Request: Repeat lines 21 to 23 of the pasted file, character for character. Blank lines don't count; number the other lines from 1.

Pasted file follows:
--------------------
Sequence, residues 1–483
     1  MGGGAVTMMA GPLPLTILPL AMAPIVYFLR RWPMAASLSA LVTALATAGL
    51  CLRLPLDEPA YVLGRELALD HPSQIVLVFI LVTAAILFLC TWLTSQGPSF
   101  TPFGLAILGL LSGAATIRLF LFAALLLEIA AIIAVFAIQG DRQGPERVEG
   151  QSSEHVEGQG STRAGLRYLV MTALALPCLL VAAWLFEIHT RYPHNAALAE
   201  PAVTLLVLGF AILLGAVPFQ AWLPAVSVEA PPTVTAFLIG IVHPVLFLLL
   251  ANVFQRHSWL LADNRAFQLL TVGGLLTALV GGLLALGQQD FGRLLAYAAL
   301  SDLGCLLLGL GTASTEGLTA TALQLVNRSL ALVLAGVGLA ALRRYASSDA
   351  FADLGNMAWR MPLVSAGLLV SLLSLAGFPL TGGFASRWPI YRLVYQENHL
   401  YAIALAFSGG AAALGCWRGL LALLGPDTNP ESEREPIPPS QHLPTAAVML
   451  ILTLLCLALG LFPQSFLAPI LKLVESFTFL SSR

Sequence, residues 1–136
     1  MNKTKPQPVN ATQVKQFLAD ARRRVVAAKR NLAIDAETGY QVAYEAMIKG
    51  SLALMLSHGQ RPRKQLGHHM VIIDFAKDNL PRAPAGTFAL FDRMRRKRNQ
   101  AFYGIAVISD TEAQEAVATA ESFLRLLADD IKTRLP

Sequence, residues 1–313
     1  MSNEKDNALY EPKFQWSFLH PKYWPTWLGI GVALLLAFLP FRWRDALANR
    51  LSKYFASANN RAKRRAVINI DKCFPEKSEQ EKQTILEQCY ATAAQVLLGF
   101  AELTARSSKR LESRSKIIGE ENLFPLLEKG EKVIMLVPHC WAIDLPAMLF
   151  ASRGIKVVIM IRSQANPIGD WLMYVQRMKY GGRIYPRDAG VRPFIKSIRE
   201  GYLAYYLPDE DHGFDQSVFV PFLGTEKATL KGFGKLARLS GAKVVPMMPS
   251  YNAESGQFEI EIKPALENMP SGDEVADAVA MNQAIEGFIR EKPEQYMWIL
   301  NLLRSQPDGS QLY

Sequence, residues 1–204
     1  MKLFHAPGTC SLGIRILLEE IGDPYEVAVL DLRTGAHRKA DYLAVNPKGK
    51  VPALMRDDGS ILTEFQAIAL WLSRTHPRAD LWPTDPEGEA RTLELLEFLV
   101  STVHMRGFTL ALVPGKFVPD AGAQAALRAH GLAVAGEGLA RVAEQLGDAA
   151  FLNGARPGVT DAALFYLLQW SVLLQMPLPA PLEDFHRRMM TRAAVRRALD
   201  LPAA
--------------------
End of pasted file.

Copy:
   201  GYLAYYLPDE DHGFDQSVFV PFLGTEKATL KGFGKLARLS GAKVVPMMPS
   251  YNAESGQFEI EIKPALENMP SGDEVADAVA MNQAIEGFIR EKPEQYMWIL
   301  NLLRSQPDGS QLY